N- Umm, we listen to an exceptional amount of jazz in the van. Recently, it’s been a lot of Coltrane, Duke, Ellington, Miles Davis. We’re all very big bad brains fans, so that always comes into play on the play list. Captain Beyond. We listen to a lot of classic rock. We listen to a lot of Fela Kuti, and we’ve been listening to a strange amount of Fishbone lately.

G- Nice! Which album?

N- Give a Monkey a Brain, and He’ll Think He’s the Center of the Universe.

We’ve become inspired by a lot of bands that are genreless. I won’t lie… We listen to a lot of Clutch.

G- Why would you lie about that anyway?

N- You know, when you’re being interviewed and bring up a band you’re on tour with, you might naturally say ‘this band,’ but we really do. We’re big Clutch fans, and we’ve been listening to a bunch of Orange Goblin because of the tour. I think we’re inspired by bands that do what they do really well, or defy pigeon-holing and do whatever they want to do. I think that’s probably our biggest strength and weakness at the same time. Our passion is to try to defy what those tell us we can’t do.

G- There’s no reason to pigeon-hole yourself. There’s so many different styles, and we cover all types. If there was only one type of music, we’d be boring, awful people.

So, what I’d like to know is do you have a favorite song you have ever written and recorded with Lionize? Or, for those who may not have heard of you, if you could only give 1 song to someone who’d never heard of you before, to try and make a new fan, what song would you give them and why?

N- I’d say check out, from the newest record, check out “Trustafarian” or check out “Dr. Livingston.” I think those songs kind of incorporate what the band is about. We like heavy riffs, and we like funk. We like so much stuff, I think those songs are the most blended.

G- Now, you’re on the road with Clutch. You’ve played shows with Murder By Death…

N- Yes.

G- Larry and His Flask…

N- Yes.

G- Well, if you could pick out 3 bands for a feasible dream lineup for Lionize to be on, who would you want?

N- I feel like like al the bands we’d want to do it with are dead, or don’t exist. Classic bands, and I think a lot of the bands that toured today that we’d want to tour with, we’ve toured with. We’ve toured with Bad Brains and, I hate to do it again, but it doesn’t get much better than touring with Clutch.

G- Right on.

N- I think we’d like to tour with The Black Crowes. We really just don’t care who it is. We just want to tour with that are really passionate about what they do.  It’s definitely monotonous to tour with bands that are phoning it in. You want to see something really organic onstage every night.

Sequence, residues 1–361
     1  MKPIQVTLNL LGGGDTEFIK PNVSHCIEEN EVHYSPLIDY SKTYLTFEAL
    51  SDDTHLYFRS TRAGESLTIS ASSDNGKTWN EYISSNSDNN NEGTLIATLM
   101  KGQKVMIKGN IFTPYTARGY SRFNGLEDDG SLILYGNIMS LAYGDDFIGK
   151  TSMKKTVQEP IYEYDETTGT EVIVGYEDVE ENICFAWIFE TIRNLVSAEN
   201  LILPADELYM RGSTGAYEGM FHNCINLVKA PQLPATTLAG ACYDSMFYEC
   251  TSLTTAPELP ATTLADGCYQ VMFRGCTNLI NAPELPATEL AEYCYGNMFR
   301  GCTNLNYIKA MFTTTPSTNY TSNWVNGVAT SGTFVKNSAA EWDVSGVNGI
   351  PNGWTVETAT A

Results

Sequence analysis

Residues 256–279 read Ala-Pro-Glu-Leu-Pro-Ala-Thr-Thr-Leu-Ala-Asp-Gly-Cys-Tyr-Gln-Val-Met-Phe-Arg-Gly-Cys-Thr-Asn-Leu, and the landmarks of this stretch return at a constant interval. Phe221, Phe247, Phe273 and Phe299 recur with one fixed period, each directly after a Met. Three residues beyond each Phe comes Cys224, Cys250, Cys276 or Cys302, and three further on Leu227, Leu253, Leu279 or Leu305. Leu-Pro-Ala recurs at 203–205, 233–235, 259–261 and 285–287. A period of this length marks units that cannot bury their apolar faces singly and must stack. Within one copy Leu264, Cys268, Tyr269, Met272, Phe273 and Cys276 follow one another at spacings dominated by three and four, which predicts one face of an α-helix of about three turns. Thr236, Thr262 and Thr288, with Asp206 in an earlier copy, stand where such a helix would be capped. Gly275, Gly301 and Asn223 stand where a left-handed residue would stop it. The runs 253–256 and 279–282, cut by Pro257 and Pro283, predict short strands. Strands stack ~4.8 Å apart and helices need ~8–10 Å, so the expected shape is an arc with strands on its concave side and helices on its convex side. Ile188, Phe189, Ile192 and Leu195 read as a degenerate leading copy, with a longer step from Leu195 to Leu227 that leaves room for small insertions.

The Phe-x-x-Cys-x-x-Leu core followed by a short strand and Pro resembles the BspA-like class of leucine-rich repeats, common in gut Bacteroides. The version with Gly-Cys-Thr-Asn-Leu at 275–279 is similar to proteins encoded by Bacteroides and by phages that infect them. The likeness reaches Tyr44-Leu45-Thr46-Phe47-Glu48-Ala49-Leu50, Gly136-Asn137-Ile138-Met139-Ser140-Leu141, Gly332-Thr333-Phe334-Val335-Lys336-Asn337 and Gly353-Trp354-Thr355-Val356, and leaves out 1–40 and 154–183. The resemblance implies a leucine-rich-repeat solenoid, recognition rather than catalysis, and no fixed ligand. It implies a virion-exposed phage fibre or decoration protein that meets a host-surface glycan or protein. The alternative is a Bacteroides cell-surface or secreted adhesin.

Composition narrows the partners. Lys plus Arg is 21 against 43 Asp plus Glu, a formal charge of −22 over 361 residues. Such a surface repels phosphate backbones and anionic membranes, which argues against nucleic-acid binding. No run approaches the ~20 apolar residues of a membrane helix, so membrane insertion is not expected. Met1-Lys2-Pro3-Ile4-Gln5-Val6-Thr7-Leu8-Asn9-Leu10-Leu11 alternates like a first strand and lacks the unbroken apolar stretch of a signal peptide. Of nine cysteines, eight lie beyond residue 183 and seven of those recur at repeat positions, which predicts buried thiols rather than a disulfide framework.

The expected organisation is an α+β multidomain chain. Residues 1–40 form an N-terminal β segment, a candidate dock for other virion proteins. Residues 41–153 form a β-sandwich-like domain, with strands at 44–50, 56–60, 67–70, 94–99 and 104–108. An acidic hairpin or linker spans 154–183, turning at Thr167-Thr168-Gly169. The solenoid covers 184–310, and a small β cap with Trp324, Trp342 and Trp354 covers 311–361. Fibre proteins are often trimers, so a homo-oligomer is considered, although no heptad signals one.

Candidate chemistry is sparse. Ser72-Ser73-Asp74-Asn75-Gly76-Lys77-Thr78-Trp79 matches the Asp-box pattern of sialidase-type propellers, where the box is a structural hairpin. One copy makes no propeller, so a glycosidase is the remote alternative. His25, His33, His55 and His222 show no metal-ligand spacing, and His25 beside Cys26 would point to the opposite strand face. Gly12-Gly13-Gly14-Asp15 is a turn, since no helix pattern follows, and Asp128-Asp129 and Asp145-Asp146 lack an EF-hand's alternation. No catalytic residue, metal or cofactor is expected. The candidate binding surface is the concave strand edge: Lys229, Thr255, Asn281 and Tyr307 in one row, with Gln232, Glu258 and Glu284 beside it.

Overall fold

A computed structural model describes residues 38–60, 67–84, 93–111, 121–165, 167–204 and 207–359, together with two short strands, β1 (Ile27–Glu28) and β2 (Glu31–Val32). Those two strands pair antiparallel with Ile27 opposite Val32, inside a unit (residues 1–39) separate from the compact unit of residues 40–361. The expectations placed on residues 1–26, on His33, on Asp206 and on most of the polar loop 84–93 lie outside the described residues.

Last year, we got the privilege of touring with Lucero, and that was definitely a very memorable experience. I think if we were to go out again, it’d be great to do a Bad Brains, Clutch, Lucero, and us. I think you’d get a lot of punk rockers, reggae heads, and weirdos. I think that’s our scene.

G- I dig it. Well, to finish up today, you’re a touring band, building, and playing some great shows…

N- Trying.

G- And making it happen. There are a lot of bands and kids who want to start playing music, and they look up to you guys and want to do what you’re doing on the road… What advice can you give some of the young, up and coming bands everywhere who want to make it in music, on the road, and do what you’re doing?

N- 2 things I think are good advice. The first thing is do it because you love to play music, and you want to create something fun and fresh… Something you’re excited about doing. Money is not the focus, you know. If that’s why you want to get into it, you’re wrong. It’s the wrong reason.

Also, I think most people who do want to do it and are excited because they think it’s an easier or glamorous way to live, I think you should probably just stay home and don’t do it, and save the space for bands that are trying to grind it out.

And, if you take somebody’s advice who says stay home and don’t do it, you probably have no business being here anyway.

G- Very true.

N- That’s not very Rock n Roll.

G- You’ve gotta put the time in, folks. It’s not all champagne, cocaine, and limos. You gotta grin it out.

Look, I want to say thank you again…

N- Thank you very much.

G- Travel safe, tour safe, play well, and I look forward to seeing the set.

N- I hope you enjoy it, man!